The Fetish of Media Freedom

Justice Markandey Katju-

So-called ‘liberals’, opposition politicians, and many eminent persons and media persons accuse the Modi government of crushing media freedom (by various ways e.g. getting ‘inconvenient’ journalists dismissed by putting pressure on the media owners, stopping government advertisements, etc).

Justice Markandey Katju

Soon after the house and offices of Prannoy Roy, the owner of the TV channel NDTV, were raided by the CBI in June 2017 a largely attended meeting was held in the Press Club of India which was addressed by Fali Nariman, the eminent Supreme Court lawyer, Arun Shourie, former journalist and former Union Minister, and others. They all waxed eloquent on media freedom and the need to protect it.

In my opinion, these people who speak for media freedom have no depth in their thinking, and they treat media freedom as a holy cow and a fetish. They overlook the fact that media freedom is not an end in itself but only a means to an end. The end must be to benefit society. So, if media freedom benefits society, if it helps in raising the standard of living of the people and giving them decent lives, if it helps in creating a social order in which people are happy and prosperous, it should certainly be supported. But if it does the contrary, if it harms society, it should be suppressed. Media freedom is not a holy cow. It can be both a good thing and a bad thing.

When I became Chairman of the Press Council of India in 2011, I gave an interview to Karan Thapar on his show Devil’s Advocate (which can be seen on YouTube titled ‘ Media deliberately dividing the people: PCI chief ‘) in which I explained my viewpoint.

Historically, the media (which was then only the print media, and that too not as regular newspapers but as leaflets, pamphlets, etc) arose in Western Europe (particularly in England and France) in the 17th and 18th centuries as an organ of the people against feudal oppression.

At that time all the organs of power were in the hands of the feudal authorities (kings, aristocrats etc ). Hence the people had to create new organs which would represent their interests. One of the powerful organs which the people created was the media, which represented the voice of the future, as contrasted to the feudal organs of power which wanted to preserve the status quo. Great writers like Voltaire, Rousseau, Thomas Paine, Junius (whose real name we still do not know) combated religious bigotry and feudal oppression and were of great help in transforming feudal Europe to modern Europe.

In India too at one time, we had great journalists like Raja Ram Mohan Roy, Ganesh Shanker Vidyarthi, Nikhil Chakravarty, etc. who opposed social evils. Even today we have great journalists like P.Sainath who almost single-handedly exposed the farmers’ suicides in India, something which other journalists ignored. I have also respect for Siddhartha Varadarajan, Karan Thapar etc. who have consistently opposed communalism, and for which they had to pay a price.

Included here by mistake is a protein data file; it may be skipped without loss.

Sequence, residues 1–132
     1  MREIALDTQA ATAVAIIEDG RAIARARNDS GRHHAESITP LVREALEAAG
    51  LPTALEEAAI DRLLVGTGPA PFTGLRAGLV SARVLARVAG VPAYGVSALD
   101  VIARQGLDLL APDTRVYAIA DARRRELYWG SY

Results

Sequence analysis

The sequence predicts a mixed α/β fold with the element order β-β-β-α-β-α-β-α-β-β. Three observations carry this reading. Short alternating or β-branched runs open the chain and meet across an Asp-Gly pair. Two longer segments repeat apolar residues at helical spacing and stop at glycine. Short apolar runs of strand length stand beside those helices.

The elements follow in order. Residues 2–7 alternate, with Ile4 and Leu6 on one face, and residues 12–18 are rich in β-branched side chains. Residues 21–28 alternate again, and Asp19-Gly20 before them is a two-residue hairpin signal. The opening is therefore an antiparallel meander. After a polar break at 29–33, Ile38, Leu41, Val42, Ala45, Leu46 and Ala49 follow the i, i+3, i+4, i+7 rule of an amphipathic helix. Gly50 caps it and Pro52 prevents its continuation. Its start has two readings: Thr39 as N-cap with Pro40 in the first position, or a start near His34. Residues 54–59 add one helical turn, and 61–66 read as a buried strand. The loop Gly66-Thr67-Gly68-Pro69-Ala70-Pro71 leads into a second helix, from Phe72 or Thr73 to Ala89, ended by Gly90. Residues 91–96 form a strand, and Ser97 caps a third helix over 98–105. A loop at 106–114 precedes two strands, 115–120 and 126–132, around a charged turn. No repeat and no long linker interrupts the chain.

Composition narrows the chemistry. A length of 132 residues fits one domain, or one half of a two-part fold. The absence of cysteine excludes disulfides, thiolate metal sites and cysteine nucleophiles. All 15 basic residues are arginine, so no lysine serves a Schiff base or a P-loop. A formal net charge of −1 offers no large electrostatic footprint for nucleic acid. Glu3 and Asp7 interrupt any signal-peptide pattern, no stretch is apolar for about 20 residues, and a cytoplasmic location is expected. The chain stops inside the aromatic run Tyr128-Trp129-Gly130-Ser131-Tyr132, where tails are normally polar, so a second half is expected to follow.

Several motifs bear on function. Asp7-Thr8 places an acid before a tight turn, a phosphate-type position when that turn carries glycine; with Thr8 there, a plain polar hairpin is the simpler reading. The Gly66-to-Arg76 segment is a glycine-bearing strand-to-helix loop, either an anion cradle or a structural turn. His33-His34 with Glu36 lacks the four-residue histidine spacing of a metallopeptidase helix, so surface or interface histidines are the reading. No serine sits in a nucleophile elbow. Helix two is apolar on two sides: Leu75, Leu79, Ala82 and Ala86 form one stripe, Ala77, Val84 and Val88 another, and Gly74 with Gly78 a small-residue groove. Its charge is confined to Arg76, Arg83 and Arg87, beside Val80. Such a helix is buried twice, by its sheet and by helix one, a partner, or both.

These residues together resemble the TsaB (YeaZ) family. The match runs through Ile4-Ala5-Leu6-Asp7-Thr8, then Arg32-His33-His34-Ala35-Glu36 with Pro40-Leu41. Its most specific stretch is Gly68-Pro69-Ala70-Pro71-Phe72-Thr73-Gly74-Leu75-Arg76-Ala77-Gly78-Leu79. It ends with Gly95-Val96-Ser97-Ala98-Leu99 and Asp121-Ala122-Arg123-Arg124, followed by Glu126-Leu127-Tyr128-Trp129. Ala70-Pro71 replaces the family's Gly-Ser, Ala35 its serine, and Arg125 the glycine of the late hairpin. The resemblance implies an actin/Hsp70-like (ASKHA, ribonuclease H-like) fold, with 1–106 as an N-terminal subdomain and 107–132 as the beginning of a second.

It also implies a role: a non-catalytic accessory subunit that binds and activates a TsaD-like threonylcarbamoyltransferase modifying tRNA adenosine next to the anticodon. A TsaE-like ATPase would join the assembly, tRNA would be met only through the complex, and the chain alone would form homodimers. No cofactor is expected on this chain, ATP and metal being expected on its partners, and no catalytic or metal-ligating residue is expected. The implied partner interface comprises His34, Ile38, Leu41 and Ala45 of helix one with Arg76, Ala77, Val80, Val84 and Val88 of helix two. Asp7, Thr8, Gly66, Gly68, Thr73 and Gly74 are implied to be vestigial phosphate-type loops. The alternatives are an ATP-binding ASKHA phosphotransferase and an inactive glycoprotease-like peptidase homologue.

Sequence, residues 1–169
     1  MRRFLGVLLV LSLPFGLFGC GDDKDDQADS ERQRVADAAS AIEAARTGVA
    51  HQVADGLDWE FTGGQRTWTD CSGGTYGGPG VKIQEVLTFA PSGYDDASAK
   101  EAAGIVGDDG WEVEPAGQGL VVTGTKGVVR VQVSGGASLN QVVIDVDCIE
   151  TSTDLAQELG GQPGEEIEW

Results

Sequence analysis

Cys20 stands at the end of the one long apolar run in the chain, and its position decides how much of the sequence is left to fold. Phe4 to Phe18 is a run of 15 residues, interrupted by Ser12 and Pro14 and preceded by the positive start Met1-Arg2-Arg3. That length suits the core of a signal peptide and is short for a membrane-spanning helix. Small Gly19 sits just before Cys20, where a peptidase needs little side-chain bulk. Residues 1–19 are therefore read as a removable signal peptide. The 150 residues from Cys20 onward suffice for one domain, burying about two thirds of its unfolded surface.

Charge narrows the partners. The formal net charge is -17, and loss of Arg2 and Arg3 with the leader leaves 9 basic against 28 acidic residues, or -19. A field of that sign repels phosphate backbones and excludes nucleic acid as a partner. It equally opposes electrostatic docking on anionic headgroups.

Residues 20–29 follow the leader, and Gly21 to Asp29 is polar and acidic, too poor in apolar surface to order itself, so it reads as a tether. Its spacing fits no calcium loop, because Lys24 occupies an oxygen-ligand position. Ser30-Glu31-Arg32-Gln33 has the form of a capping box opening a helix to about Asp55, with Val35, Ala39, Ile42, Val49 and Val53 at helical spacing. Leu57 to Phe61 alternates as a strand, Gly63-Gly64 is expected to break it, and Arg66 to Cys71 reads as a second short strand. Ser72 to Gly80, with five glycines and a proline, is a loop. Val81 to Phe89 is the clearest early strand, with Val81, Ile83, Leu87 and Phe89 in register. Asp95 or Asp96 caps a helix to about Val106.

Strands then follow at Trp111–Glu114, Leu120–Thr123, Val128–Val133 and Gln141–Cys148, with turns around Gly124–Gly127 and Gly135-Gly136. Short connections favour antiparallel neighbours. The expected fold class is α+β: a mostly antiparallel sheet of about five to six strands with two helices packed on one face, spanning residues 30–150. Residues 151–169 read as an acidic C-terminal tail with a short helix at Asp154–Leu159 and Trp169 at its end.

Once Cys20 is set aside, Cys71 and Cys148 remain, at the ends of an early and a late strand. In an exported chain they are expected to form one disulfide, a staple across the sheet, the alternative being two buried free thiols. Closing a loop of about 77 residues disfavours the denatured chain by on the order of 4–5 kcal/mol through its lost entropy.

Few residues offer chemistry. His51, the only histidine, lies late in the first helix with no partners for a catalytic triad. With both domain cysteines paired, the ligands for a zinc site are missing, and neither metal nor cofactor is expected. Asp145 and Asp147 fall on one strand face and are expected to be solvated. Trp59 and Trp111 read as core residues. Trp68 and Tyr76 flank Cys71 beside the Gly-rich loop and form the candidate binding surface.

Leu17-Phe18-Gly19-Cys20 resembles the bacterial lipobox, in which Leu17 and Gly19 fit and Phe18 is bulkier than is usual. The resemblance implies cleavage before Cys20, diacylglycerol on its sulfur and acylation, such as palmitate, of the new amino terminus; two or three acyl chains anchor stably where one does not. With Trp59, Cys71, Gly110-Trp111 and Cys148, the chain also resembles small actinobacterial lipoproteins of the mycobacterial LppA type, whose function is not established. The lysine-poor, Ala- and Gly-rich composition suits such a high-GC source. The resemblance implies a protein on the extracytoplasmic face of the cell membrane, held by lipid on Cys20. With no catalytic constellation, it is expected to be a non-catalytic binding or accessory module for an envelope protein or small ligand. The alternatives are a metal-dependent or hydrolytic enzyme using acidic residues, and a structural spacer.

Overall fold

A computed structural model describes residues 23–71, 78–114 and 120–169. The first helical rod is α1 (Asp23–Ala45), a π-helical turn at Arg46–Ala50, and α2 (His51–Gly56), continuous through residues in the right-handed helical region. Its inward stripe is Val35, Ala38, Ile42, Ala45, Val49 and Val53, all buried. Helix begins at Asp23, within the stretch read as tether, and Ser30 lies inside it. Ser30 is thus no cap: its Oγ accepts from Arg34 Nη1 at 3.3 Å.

However, these are only exceptions. What about the rest of the media? What were they doing in the period before Modi came to power in 2014? Were they helping the people in their struggle for better lives?

It must be regrettably said that during the pre-Modi period the media (with some rare exceptions, as I have mentioned) was playing a largely anti-people role. As I mentioned in my interview with Karan Thapar, the Indian media, even before Modi came to power, largely worked in an anti-people manner in three ways – ( 1 ) by diverting the people’s attention from the real issues which are socio-economic ( e.g. massive poverty, record unemployment, appalling child malnourishment, widespread farmers distress, almost non-existent healthcare and good education, etc for the Indian masses ) to non-issues or trivialities like lives of film stars, fashion parades, cricket ( which is one of the opium’s of the Indian masses ), petty politics ( which has sunk in India to a very low level ) etc. It was behaving like the Roman Emperors who said that if you cannot give the people bread, give them circuses. ( 2 ) by spreading communalism and helping divide the people, ( e.g. by demonizing Muslims and depicting them as terrorists ) and ( 3 ) by spreading superstitions and unscientific thinking like astrology. And what about paid news, planted news, Radia tapes etc? These were going on before Modi became PM.

So, the relative freedom which the Indian media enjoyed in the pre-Modi period was not used for benefiting the Indian people but largely for harming them. Why then are media persons ( and so-called ‘intellectuals’ like Fali Nariman and Arun Shourie ) lamenting over suppression of freedom of the media by Modi’s government when even before Modi came to power media freedom was being used ( or rather abused ) by the Indian media in a manner detrimental to the people’s welfare ? Does such media deserve freedom and protection?

Recently several TV channels showed for hours on end Priyanka Gandhi’s visit to Mirzapur to show sympathy for the families of those killed in clashes over a land dispute. Did her visit, which was obviously a political stunt aimed at injecting some oxygen into a dying political party, deserve such detailed coverage?

Is Priyanka Gandhi such a great leader or thinker to require highlighting of her visit? She had herself described herself as a ‘ barsaati medhak ‘ (a frog who emerges during the rains i.e. during elections).

In my opinion, this episode reflects not so much on Priyanka Gandhi as on our media, which thrives on trivialism and sensationalism (‘masala’). Huge problems are facing the country, but our media focuses on nonsense like Priyanka Gandhi’s visit.

 

[Justice Markandey Katju is former Judge, Supreme Court of India and former Chairman, Press Council of India. The views expressed are his own]

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